Bank insurance

Definition Bank Insurance

What is bank insurance?

Bank insurance is a guarantee by the Federal Deposit Insurance Corporation (FDIC) of deposits in a bank. Established in 1989, the Bank Insurance Fund is the federal fund used to insure the bank deposits of national and state banks that are members of the Federal Reserve System. Bank insurance helps protect people who deposit their savings in banks against the insolvency of commercial banks. Each depositor is insured for at least $ 250,000 per bank.

Understanding Bank Insurance

The FDIC, an independent US government corporation, was established under the Glass-Steagall Act of 1933. Its purpose was to insure bank deposits against loss and to regulate banking practices. The collapse of a large majority of banks in the United States during the Great Depression prompted the creation of the FDIC.

FDIC deposit insurance coverage depends on two things: whether the financial product you choose is a deposit product and whether your bank is FDIC insured. If your insured bank goes bankrupt, FDIC insurance will cover your deposit accounts dollar for dollar up to the insurance limit, including principal and accrued interest up to the date the insured bank closes.

FDIC coverage is automatic whenever a deposit account is opened at an FDIC-insured bank or financial institution. If you want FDIC deposit insurance coverage, all you need to do is put your funds in a bank deposit product.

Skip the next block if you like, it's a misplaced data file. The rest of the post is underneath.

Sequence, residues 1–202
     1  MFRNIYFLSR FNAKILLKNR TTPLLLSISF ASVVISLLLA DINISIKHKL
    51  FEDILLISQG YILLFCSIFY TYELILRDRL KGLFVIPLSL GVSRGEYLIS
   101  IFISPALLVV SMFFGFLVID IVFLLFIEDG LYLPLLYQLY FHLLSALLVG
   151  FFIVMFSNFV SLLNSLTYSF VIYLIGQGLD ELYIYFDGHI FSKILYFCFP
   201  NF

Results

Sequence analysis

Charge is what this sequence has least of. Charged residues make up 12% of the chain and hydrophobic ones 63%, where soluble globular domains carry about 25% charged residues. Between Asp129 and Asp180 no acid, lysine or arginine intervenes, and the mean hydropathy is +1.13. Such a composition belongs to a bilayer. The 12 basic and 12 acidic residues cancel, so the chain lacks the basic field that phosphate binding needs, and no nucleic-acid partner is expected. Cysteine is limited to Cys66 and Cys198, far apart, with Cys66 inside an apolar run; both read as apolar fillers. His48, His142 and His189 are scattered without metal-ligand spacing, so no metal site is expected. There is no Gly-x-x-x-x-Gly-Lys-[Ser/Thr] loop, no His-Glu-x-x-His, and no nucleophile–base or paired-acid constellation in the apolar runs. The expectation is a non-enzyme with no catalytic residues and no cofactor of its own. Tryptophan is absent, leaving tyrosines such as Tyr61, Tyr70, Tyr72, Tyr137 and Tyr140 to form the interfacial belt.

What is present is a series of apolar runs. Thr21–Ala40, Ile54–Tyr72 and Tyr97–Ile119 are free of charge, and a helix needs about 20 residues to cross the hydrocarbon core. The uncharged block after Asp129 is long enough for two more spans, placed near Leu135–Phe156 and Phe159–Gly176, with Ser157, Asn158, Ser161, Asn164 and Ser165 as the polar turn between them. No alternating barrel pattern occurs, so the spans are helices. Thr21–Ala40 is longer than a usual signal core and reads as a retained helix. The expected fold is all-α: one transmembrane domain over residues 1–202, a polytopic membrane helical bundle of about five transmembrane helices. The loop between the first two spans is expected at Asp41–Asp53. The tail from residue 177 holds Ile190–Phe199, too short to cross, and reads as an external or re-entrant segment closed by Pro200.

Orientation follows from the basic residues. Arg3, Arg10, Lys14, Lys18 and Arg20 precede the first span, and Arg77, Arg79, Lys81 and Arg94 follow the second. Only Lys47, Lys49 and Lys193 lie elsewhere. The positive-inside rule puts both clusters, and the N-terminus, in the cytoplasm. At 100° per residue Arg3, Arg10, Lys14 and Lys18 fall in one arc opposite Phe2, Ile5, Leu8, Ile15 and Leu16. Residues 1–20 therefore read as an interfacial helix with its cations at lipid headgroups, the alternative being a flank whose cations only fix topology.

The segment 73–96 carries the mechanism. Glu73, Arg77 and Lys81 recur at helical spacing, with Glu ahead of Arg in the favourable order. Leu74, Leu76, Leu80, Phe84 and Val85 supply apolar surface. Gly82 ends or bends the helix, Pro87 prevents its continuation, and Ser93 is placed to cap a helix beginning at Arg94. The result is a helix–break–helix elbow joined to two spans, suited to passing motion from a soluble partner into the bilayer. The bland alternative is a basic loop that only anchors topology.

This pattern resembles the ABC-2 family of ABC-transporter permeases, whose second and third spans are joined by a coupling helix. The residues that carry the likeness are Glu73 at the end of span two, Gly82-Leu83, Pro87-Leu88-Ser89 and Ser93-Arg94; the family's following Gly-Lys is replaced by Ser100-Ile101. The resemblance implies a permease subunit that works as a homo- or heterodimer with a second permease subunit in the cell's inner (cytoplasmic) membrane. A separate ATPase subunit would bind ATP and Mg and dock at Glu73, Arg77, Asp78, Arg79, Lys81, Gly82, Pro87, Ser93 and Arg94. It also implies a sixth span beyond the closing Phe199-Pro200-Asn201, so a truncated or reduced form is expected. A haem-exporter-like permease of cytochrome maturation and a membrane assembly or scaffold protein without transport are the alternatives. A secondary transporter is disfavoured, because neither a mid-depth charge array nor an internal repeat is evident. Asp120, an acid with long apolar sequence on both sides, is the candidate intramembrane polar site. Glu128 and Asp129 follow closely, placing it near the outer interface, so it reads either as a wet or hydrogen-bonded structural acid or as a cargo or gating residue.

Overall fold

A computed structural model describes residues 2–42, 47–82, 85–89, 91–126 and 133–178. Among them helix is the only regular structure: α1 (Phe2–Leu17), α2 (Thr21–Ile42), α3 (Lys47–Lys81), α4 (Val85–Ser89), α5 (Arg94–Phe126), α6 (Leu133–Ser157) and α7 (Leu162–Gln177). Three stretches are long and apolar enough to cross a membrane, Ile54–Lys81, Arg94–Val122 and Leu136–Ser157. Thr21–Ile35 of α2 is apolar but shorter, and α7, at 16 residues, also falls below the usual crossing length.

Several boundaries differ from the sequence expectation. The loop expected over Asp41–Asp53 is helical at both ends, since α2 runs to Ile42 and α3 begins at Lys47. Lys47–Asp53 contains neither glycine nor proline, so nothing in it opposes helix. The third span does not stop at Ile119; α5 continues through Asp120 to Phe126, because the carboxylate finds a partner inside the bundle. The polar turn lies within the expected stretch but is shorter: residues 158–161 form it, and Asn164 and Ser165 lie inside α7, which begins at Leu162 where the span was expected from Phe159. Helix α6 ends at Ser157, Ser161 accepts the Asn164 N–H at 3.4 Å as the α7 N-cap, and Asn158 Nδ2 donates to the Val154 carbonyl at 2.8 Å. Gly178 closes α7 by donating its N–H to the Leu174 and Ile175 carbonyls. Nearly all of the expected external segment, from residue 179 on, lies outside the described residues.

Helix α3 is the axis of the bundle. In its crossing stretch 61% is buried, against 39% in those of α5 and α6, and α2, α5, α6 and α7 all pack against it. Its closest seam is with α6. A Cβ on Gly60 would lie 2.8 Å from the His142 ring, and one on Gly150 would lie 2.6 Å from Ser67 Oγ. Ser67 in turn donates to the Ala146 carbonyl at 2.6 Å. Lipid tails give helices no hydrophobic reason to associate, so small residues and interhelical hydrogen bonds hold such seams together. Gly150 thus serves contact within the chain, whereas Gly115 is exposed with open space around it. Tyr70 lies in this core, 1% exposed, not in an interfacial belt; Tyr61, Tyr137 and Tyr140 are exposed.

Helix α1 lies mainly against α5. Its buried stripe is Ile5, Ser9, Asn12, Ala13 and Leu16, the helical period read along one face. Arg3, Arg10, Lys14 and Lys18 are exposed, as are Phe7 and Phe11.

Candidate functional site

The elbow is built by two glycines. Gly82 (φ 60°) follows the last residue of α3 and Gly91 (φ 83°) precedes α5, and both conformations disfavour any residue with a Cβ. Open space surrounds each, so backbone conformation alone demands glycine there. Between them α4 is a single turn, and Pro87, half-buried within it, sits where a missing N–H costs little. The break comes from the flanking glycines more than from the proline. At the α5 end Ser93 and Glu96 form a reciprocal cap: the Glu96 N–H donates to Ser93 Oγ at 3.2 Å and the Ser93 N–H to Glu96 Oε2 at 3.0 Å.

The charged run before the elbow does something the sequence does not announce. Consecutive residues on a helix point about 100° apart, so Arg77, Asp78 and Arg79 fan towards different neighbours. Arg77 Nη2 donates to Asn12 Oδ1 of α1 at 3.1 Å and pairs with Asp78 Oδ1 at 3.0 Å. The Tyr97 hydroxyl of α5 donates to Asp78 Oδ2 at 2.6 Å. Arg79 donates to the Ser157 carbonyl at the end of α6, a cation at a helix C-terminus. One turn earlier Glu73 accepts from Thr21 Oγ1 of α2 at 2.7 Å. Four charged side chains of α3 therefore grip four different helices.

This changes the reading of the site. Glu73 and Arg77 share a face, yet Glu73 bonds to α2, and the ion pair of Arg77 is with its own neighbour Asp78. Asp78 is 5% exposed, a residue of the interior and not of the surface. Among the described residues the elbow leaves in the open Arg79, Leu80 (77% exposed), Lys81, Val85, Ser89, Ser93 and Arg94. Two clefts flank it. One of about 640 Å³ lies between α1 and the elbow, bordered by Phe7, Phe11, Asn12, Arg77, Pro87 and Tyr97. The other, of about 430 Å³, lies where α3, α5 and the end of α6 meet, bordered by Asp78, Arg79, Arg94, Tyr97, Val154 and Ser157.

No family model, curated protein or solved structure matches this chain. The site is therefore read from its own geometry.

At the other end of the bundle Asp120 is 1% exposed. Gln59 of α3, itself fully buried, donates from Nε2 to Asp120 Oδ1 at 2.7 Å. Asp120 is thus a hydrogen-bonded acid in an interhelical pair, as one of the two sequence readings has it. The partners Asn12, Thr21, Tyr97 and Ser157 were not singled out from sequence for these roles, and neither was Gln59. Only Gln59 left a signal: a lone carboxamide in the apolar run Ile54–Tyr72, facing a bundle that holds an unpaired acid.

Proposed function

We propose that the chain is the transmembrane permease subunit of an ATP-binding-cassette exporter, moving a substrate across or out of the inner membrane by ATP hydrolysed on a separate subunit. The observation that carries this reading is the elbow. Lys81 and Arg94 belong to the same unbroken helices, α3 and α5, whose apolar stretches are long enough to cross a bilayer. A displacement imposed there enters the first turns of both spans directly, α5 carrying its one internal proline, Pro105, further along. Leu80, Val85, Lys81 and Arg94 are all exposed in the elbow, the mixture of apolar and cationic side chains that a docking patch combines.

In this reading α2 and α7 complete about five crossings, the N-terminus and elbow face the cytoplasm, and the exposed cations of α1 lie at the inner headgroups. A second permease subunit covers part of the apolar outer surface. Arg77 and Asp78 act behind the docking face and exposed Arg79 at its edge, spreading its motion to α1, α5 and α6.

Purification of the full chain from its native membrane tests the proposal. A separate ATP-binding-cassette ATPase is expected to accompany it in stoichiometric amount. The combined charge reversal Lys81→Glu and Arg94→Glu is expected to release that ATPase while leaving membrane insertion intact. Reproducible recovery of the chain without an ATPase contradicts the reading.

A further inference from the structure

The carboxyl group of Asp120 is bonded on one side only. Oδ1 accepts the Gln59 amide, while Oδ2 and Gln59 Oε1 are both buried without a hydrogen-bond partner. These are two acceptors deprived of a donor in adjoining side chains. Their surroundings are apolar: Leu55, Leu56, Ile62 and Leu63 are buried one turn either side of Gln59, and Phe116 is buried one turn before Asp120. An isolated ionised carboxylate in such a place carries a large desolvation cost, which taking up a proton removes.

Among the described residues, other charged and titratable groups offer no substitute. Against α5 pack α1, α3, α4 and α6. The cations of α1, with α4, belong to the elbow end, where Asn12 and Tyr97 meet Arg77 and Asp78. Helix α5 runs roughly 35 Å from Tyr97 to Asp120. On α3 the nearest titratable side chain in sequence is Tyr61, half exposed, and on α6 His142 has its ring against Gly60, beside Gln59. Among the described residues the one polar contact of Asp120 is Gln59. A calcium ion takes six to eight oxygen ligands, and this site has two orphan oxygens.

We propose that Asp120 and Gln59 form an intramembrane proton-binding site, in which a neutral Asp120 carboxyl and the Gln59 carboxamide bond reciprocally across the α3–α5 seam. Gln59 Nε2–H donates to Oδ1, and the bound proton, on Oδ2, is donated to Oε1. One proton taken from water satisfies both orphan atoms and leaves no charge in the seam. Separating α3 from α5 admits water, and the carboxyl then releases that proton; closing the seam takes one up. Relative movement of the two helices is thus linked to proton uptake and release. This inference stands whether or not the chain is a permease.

Typically, a bank goes bankrupt if it is unable to meet its obligations to depositors and others. If a bank goes bankrupt, the FDIC responds in two ways. First, as the bank’s deposit insurer, the FDIC pays insurance to depositors up to the insurance limit. Second, the FDIC, as the “receiver” of the failing bank, takes on the task of selling / collecting the assets of the failing bank and settling its debts, including claims for deposits in excess of the insured limit.

FDIC bank insurance coverage includes

  • Check accounts
  • Negotiable Withdrawal Order Accounts (NOW)
  • Savings accounts
  • Money Market Deposit Accounts (MMDAs)
  • Term deposits such as certificates of deposit (CDs)
  • Cashier’s checks, money orders and other official instruments issued by a bank

FDIC bank insurance coverage does not include

  • Equity investments
  • Bond investments
  • Mutual fund
  • Life insurance policies
  • Annuities
  • Municipal titles
  • Safes or their contents
  • US Treasury bills, bonds or notes

Example of how FDIC bank insurance limits work

FDIC insurance limits are one of the most misunderstood forms of financial security in the United States, even among bank staff. the short answer is always “FDIC insurance is limited to $ 250,000 per person, but that is not correct.

Each person can avail of $ 250,000 of insurance per bank category, as stated by the FDIC. These categories include individual accounts, joint accounts, assets held on behalf of others as payment to death accounts, certain types of retirement savings accounts, and several others. A single person, with assets spread across multiple qualified accounts, could theoretically have $ 500,000, $ 750,000 or even $ 1 million insured in bank deposits.

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